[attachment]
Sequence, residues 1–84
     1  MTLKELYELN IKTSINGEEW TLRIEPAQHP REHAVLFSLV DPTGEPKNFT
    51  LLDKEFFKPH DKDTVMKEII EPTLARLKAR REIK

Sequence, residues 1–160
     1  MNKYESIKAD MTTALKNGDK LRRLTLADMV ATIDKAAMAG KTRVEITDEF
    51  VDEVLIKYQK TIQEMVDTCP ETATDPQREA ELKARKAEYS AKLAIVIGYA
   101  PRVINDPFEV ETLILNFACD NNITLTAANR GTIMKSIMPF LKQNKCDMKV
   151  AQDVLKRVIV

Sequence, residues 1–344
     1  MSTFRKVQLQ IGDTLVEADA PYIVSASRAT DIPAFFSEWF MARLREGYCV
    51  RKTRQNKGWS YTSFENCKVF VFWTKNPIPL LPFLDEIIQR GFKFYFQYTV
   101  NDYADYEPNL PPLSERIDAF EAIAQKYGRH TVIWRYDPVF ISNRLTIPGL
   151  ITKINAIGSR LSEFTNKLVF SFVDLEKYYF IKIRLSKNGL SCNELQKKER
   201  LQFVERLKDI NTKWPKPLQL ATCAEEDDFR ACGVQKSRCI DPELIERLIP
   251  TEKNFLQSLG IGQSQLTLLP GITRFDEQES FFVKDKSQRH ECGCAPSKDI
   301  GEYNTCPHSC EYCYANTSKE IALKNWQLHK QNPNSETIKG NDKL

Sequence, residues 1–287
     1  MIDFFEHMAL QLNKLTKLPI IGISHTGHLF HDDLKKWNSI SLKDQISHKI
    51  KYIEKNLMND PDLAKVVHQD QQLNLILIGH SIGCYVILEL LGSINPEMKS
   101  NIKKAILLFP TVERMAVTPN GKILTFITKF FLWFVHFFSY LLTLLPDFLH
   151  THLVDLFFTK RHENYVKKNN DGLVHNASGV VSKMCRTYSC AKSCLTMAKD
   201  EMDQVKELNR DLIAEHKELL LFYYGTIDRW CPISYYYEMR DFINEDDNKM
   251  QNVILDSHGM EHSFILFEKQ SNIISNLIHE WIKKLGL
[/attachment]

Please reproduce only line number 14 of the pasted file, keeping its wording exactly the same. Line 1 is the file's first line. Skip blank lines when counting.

   201  LQFVERLKDI NTKWPKPLQL ATCAEEDDFR ACGVQKSRCI DPELIERLIP